A Founder Agreement is a very important document that governs the inter rights and obligations of founders, their responsibilities, their shareholding, their exit clauses, etc.

Imagine a scenario where you co-found a company along with your friends. Fast forward a few months, business is booming and you are looking at investment. However, your co-founder is becoming a bit of dead-weight, is refusing to perform, or is creating hurdles to the investment.


Scenario Two - Your co-founder and you have just got a big investment into the company, but one of you is unhappy about the new responsibilities, or the number of shares held, or any other factor. The difference of opinion arises from some verbal agreement from when you started the business but is threatening to derail the company now. Scenario three: Your co-founder exits the company leaving you high and dry and is pressuring you to refund his investment amount.

For all of these scenarios, and more not explained above, it is best to get a Founders Agreement drafted that addresses all these questions.

Contents of a Founders Agreement - A founders agreement may contain the following clause

  • Details of the parties to the agreement.
  • The business relation between the parties.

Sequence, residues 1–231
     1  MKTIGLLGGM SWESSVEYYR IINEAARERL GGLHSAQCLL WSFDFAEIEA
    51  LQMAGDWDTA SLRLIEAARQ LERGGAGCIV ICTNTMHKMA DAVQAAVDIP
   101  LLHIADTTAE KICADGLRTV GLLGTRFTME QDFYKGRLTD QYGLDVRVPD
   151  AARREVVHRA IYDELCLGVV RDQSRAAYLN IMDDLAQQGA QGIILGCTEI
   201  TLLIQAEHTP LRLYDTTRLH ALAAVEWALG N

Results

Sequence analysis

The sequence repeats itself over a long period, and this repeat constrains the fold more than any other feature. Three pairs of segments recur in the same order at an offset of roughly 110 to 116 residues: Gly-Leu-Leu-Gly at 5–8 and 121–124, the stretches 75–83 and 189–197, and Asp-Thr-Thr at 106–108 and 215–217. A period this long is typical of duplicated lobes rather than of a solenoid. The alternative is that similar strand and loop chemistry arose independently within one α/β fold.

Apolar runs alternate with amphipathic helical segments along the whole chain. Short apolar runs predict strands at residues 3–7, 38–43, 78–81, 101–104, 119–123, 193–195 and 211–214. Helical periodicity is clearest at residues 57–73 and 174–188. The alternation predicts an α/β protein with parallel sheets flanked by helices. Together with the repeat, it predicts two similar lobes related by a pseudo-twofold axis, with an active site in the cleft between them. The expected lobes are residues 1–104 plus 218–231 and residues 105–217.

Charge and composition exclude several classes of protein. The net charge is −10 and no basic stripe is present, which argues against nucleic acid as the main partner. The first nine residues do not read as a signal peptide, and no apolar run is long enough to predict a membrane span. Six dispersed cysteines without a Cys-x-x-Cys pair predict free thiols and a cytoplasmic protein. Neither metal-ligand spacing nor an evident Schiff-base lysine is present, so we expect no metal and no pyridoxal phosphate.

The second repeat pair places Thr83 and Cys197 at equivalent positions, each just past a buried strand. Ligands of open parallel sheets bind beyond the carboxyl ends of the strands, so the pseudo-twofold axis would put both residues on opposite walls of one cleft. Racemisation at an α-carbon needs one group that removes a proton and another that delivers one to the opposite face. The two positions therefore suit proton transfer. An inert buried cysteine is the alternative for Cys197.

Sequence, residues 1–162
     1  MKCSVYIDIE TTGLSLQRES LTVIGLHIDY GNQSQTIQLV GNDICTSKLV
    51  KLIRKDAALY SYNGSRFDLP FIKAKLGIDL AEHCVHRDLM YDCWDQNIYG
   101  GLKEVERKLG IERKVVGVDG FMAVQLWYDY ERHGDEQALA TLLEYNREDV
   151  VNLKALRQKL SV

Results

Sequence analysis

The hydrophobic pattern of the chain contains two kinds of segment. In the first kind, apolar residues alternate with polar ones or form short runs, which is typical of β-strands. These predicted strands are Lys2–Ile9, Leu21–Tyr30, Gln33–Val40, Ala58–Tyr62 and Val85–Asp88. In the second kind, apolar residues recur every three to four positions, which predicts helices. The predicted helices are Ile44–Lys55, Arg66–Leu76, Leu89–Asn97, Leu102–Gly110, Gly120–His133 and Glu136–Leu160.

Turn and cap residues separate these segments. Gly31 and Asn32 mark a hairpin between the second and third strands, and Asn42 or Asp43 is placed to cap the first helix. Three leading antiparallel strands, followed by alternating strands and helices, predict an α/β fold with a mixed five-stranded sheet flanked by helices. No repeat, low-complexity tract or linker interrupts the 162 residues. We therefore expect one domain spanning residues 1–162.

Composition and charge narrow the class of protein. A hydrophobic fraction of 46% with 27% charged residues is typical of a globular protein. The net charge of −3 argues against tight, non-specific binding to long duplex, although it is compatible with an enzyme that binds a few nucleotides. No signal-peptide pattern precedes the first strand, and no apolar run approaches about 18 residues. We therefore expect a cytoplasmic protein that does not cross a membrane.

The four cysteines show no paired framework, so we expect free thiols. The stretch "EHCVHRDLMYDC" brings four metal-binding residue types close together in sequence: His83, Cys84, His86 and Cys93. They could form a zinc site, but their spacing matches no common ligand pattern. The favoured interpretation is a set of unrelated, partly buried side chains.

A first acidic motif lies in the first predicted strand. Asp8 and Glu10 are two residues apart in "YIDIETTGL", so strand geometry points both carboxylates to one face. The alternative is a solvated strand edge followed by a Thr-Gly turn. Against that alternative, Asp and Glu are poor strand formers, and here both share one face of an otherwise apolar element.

• The duties of each founder and the manner in which it is to be performed.
  • Representations and warranties of each Party.
  • Assignment of intellectual property.
  • The obligations of the transferor to assist the transferee in the assignment of the IP, by doing such acts as necessary, including providing representations and requests to the relevant IP regulatory authority.
  • Details of shareholding in the company.
  • Restrictions on transfer of shares, such as through a right of first offer (RoFO) or right of first refusal (RoFR).
  • Remuneration payable for duties performed.
  • Remedies for breach of the agreement.
  • Dispute resolution.
  • Governing law of the agreement and governing law of the dispute resolution clause.
  • Other provisions such as survival of clauses, severability, etc.

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